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Heart Wrenching Color Photos of the Liberation of Dachau

Ian Smith

Confused, exhausted and vulnerable, they may have somehow survived and are about to be free, but these chilling colour photographs show that for victims of the Nazis’ concentration camps there seemed little to celebrate as the Allies arrived.

The never before seen images show the liberation of Dachau, the first of the thousands of concentration camps that sprang up across Germany after the Nazis swept into power.

Established in March 1933, just two months after Hitler became Chancellor, Dachau was built to house political prisoners and by the end of the year around 4,800 mainly communists, social democrats and union officials, had been incarcerated there. Over the years that followed, the number of inmates was swelled as other ‘undesirables’, such as homosexuals, Jehovah’s Witnesses, gypsies, criminals and of course Jews were sent there.

Color Photographs of Life in The First Nazi Concentration Camp, 1933 (1)

Persecuted: These colour photos show the liberation of Dachau. The first of the thousands of concentration camps that sprang up across Germany after the Nazis  rose to power

Color Photographs of Life in The First Nazi Concentration Camp, 1933 (2)

Some of the men are in uniform and those that aren’t appear bedraggled and unkempt

Color Photographs of Life in The First Nazi Concentration Camp, 1933 (3)

This image shows an exhausted prisoner asleep against a wall. The camps were a vital terror tool wielded by the SS and SA

Color Photographs of Life in The First Nazi Concentration Camp, 1933 (5)

‘Undesirables’: When Hitler was appointed chancellor in 1933 he  quickly incarcerated those he saw as a threat. As his power grew, so did the number of concentration camps

After liberation, the camp was used by the US Army as an internment camp. It was also the site of the Dachau Trials for German war criminals, a site chosen for its symbolism. In 1948 the Bavarian government established housing for refugees on the site, and this remained for many years. Among those held in the Dachau internment camp set up under the American army, were Elsa Ehrich, Maria Mandl, and Elisabeth Ruppert.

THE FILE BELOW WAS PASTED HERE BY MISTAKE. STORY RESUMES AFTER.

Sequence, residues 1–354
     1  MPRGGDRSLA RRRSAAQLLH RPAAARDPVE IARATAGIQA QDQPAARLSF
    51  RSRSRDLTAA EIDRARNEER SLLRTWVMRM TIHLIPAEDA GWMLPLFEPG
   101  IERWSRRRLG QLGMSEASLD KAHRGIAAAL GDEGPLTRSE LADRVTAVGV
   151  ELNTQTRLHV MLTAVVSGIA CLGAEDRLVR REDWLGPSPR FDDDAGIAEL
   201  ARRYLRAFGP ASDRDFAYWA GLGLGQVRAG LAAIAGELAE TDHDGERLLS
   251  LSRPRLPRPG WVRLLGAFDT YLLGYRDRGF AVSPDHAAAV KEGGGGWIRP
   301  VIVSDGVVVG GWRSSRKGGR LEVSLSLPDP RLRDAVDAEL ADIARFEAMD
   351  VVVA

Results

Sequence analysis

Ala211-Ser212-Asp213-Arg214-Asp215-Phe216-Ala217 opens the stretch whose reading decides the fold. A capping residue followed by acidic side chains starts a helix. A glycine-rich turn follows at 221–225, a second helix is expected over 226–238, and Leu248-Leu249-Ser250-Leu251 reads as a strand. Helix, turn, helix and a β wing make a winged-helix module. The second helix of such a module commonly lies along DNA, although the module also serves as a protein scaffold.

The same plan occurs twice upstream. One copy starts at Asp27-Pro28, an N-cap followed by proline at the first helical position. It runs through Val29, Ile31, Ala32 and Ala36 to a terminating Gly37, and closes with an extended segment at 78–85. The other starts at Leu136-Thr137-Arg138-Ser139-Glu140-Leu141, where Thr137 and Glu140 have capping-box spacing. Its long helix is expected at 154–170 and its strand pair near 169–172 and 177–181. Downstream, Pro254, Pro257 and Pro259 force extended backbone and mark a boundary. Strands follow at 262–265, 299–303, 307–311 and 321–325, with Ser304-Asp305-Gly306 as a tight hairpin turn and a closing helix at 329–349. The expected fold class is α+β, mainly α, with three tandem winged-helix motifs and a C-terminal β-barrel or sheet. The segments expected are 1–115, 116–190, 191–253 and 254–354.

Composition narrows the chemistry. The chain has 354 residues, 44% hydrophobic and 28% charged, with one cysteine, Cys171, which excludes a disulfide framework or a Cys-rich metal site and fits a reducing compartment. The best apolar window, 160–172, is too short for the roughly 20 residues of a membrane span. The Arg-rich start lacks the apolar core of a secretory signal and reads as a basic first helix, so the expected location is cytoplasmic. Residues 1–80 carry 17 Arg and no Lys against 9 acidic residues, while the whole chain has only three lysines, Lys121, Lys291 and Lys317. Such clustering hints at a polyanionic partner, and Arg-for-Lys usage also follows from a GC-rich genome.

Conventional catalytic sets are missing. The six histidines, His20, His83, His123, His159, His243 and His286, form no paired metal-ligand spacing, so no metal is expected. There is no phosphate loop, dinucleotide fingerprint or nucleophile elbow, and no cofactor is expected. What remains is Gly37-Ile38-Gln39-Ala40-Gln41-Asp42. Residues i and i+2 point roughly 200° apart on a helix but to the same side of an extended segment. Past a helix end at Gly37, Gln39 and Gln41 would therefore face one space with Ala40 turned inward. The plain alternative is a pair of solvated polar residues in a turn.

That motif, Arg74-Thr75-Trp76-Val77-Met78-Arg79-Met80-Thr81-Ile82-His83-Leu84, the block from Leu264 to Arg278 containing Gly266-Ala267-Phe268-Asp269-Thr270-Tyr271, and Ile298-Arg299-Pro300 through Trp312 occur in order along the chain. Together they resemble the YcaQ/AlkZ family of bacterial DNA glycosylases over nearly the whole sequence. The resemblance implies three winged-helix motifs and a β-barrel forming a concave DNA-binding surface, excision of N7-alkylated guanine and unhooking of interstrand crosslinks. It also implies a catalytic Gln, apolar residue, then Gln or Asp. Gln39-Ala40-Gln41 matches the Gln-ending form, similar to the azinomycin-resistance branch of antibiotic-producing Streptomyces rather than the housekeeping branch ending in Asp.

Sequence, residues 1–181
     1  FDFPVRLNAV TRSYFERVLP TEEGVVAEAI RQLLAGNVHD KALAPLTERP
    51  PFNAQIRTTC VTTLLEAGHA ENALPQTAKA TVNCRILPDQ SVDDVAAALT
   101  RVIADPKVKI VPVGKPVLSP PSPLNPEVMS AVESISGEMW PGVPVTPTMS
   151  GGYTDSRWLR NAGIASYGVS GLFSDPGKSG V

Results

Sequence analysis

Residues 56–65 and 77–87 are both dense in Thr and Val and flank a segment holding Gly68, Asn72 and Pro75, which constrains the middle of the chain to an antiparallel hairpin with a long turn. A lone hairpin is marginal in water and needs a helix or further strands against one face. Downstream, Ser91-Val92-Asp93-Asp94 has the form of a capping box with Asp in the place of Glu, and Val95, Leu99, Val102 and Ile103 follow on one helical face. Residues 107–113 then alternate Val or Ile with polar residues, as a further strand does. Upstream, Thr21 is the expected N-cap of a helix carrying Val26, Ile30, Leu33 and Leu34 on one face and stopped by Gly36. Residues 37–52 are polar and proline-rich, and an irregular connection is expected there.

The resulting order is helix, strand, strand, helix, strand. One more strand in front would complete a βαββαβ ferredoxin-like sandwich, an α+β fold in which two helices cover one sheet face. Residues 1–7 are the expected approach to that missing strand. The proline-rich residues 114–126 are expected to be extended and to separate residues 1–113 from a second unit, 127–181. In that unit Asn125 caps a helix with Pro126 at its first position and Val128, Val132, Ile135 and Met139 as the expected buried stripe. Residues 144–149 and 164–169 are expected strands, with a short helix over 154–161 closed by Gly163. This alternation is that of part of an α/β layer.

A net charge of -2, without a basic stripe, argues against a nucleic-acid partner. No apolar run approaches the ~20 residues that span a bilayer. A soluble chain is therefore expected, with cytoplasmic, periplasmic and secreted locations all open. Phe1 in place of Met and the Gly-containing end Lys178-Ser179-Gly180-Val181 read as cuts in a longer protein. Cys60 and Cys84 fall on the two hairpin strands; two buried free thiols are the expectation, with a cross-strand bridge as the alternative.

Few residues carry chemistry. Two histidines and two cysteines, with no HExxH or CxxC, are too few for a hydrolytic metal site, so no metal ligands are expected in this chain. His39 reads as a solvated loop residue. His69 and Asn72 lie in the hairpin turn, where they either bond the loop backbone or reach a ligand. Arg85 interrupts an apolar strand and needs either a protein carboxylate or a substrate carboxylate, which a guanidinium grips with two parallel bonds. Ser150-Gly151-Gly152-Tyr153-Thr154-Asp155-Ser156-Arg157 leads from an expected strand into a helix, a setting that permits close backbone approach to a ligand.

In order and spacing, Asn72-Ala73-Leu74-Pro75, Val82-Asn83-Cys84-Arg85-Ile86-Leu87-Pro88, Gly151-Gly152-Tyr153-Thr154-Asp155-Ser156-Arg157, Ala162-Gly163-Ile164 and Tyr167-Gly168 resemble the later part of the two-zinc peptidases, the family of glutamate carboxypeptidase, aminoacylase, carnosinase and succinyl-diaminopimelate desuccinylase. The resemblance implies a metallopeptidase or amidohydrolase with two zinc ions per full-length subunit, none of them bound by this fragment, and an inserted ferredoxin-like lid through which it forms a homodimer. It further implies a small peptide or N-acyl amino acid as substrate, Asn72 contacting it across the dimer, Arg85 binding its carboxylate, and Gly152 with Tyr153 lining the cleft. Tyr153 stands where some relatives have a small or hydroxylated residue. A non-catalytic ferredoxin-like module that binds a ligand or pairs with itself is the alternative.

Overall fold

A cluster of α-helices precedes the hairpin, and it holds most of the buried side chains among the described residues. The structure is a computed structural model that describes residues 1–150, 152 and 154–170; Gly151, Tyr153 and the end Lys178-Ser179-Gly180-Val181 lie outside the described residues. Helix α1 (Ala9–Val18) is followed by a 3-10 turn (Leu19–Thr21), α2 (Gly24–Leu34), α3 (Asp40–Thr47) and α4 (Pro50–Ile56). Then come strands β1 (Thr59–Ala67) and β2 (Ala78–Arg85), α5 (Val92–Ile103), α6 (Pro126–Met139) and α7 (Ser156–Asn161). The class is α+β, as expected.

The Kaserne quarters and other buildings used by the guards and trainee guards were converted and served as the Eastman Barracks, an American military post, for many years. It had its own elementary school: Dachau American Elementary School, a part of the Department of Defense dependent school system.

After the closure of the Eastman Barracks, these areas are now occupied by the Bavarian Bereitschaftspolizei (rapid response police unit)

Color Photographs of Life in The First Nazi Concentration Camp, 1933 (6)

Dachau would become the prototype for the thousands of concentration camps that sprang up across Germany during the Nazi era. The camp layout and daily routine was widely copied. It was also a training centre for SS concentration camp guards.

Color Photographs of Life in The First Nazi Concentration Camp, 1933 (7)

Shock and disbelief: Prisoners are seen milling around the grounds of Dachau after its liberation by American forces on April 29, 1945 

Color Photographs of Life in The First Nazi Concentration Camp, 1933 (9)

The austere accommodation the prisoners were forced to live in can be seen on the right, while the barbed wire fence can be seen on the left

Color Photographs of Life in The First Nazi Concentration Camp, 1933 (10)

Bread is doled out among the prisoners. Starvation was itself a weapon used on the inmates

Color Photographs of Life in The First Nazi Concentration Camp, 1933 (11)

SS Lieutenant General Theodor Eicke was appointed to oversee the Concentration Camps by Himmler in 1933

Color Photographs of Life in The First Nazi Concentration Camp, 1933 (12)

German authorities established camps all over Germany to handle the masses of people arrested as alleged subversives

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